The Case of Alice Hilda Sparksman

By: Dina Shenouda

Case File: 55750/521

Immigrant: Alice Hilda Sparksman

Alice Hilda Sparksman was a legal US immigrant who requested for deportation to be reunited with her husband. Alice immigrated from Great Britain to the United States through a quota visa, which was implemented by the Immigration Act of 1924, otherwise known as the Johnson-Reed Act. This Act gave a limited number of visas to desired immigrants from northern and western Europe. She entered the U.S. at a New York port, arriving on September 9, 1930 aboard the S.S Olympic.

On October 16, 1930, she married Albert Sparksman, a British subject who was illegally admitted into the United States. Alice’s husband was taken into custody and went through deportation proceedings, and so her deportation application requested she be transported the same day as her husband. Alice lived in fear of falling into distress due to her health and financial situation. Her wages were not enough to support her or to support her future child, and her weekly pay varied depending on the work demand. Without her husband’s income, Alice would not be able to feed herself or her baby.

Alice’s case was more difficult due to the lack of family presence in America. Specifically, she could not have a baby in a country without a spouse or without her family. With the income cut, Alice’s fall into distress would be unquestionable. In her deportation request, she pleaded to be transported on the same day as her husband and that the United States pay her transportation fees.

Her case was investigated by immigrant inspector E.M. Palmer at Ellis Island on April 30, 1931(?). The Assistant Chairman, Secretary, and Commissioner General’s Board of Review stated that, “it is recommended that authority is granted for the removal of the alien to England at Government expense.” The main purpose of this recommendation was to decrease the expenses paid for Alice. The inspector saw Alice’s request as an opportunity to decrease the number of public charges, since paying transportation expenses was a better option than paying to support Alice and her future child. As a response to her request, Harry E. Hull, the Commissioner General of Immigration, authorized Alice’s removal to England at the “expenses of regulating immigration.”

The approval of Alice Sparksman’s request was not the U.S. government’s way to reunite a family, but rather it was to deport people out of the country. Cases like Alice’s — that of a potential single mother — were seen as one of the factors that led to the crumbling economy. The government viewed public charges as leeches that took every opportunity to improve the country’s economy. Alice’s request for deportation was not a choice, but it was due to the involuntary circumstances and the government’s aim to decrease public charges.

Alice’s case is similar to the voluntary repatriation of Mexicans during the Great Depression, when many Mexicans could not support themselves and eventually became dependent on other agencies for survival. They feared the consequences of becoming a public charge, and they decided to voluntarily leave the country to end their suffering.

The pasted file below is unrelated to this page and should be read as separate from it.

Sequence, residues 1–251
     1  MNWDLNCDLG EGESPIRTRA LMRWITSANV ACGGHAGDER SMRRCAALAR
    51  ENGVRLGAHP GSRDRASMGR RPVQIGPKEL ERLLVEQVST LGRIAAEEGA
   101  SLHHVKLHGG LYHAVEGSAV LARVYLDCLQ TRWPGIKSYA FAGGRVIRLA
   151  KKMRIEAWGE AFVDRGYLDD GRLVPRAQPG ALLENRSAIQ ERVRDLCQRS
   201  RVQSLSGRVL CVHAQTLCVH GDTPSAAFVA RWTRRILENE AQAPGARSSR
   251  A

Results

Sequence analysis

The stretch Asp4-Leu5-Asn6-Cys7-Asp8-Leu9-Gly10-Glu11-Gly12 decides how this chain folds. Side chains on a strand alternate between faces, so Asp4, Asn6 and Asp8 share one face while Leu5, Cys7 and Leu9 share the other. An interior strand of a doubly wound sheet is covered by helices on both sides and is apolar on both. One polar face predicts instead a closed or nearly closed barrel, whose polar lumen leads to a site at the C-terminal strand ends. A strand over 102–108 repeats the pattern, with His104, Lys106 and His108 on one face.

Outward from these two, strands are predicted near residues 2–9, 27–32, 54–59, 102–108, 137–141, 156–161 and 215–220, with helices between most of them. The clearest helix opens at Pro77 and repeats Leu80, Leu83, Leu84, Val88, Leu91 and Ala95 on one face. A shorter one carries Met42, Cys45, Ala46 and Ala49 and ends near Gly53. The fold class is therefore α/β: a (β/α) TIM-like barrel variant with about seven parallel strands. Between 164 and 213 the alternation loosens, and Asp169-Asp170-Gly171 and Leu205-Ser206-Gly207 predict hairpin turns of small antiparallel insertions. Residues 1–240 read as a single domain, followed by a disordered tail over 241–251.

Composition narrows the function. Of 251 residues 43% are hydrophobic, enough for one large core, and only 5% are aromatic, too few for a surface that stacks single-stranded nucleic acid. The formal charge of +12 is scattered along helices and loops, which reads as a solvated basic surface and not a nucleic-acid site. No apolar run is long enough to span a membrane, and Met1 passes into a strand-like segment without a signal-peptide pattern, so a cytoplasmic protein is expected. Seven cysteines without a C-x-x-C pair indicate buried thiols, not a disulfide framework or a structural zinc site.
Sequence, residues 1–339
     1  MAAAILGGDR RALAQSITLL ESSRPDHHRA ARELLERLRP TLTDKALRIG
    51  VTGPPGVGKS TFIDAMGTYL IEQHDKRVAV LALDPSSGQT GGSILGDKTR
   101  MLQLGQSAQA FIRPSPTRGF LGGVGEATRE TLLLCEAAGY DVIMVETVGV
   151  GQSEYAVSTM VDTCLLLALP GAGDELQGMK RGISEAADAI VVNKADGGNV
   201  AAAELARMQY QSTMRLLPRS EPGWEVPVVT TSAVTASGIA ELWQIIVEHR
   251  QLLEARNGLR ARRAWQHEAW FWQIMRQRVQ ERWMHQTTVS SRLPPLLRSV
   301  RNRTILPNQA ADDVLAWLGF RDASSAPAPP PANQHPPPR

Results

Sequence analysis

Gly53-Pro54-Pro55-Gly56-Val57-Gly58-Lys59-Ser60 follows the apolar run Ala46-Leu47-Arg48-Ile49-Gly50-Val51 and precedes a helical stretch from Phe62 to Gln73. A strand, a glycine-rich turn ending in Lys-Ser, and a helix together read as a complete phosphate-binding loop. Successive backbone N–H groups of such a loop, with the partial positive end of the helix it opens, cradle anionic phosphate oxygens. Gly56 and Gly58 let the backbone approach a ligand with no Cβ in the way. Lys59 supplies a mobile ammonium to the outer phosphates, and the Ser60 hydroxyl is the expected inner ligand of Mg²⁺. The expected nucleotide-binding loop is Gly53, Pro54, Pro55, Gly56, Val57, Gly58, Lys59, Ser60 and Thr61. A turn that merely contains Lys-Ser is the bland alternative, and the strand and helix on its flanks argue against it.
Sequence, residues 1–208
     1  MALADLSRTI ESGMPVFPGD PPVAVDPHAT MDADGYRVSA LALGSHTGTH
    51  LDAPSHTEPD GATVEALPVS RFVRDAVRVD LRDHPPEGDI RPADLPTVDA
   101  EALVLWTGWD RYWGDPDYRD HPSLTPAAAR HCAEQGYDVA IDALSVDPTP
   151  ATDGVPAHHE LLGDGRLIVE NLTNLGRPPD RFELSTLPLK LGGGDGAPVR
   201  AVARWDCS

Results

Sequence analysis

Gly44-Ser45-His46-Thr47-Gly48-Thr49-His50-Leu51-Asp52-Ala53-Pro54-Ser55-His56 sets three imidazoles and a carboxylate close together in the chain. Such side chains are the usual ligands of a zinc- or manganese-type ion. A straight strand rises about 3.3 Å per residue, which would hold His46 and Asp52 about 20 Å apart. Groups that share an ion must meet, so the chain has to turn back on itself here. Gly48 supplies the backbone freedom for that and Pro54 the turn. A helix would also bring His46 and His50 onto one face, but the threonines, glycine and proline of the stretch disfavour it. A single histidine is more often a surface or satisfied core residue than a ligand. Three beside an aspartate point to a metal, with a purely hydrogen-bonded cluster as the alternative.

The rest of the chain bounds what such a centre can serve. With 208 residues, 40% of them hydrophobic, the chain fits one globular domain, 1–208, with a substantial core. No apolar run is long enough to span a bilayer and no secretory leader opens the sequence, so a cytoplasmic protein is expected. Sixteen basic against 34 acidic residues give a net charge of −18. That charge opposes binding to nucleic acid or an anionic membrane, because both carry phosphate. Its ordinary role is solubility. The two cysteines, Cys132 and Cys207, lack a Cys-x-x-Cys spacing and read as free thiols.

Document Analysis
Case file #55750/521

This summary page was written to explain and evaluate Alice’s request for deportation, and it was meant as a tool to judge and keep track of her case. It explains her entire case and what led her to ask for her deportation. This summary was written after the interview and investigation of Alice’s case. It shows the government’s willingness to deport Alice and pay all her expenses in order to avoid further complications and expenses based on her dependency status.

Alice Sparksman came to the US legally through her quota visa. Later on, she met her husband, a British subject who came to the U.S. illegally. However, Alice did not know of her husband’s illegal status until he was arrested. Alice was expecting her first child and was at a risk of being a public charge after her husband’s arrest. Being a public charge would have eventually led to her deportation. However, it was an easier and smarter choice to leave with her husband instead of later leaving on her own. She would have had to take care of her child and herself on a single income. Hence, deportation with her husband was the only practical choice she had. Her request for deportation was her effort to keep her family together.

Why Does it Matter? 

Cases such as Alice Sparksman’s matter because her circumstances essentially forced her to return to her country of origin due to the government’s aim to get rid of public charges. Instead of providing support for her situation, officials found it easier to send her back to Great Britain with her husband.

America’s current society continues to struggle with the same problem. There are ongoing stories of separated families due to deportation and illegal status. Current immigration policies fail to give opportunities for undocumented immigrants to gain citizenship, forcing them to live their lives avoiding deportation. Although illegal aliens are portrayed as willingly coming to the U.S., in reality, many were forced by certain circumstances. Many illegal aliens are refugees of violence, drug trafficking, and other crimes, yet our current administration refuses to compromise with illegal aliens, or give them a chance at a better life.

Other Questions

1) Why is deportation so common in the United States?

2) How can we make an actual change in immigration policies?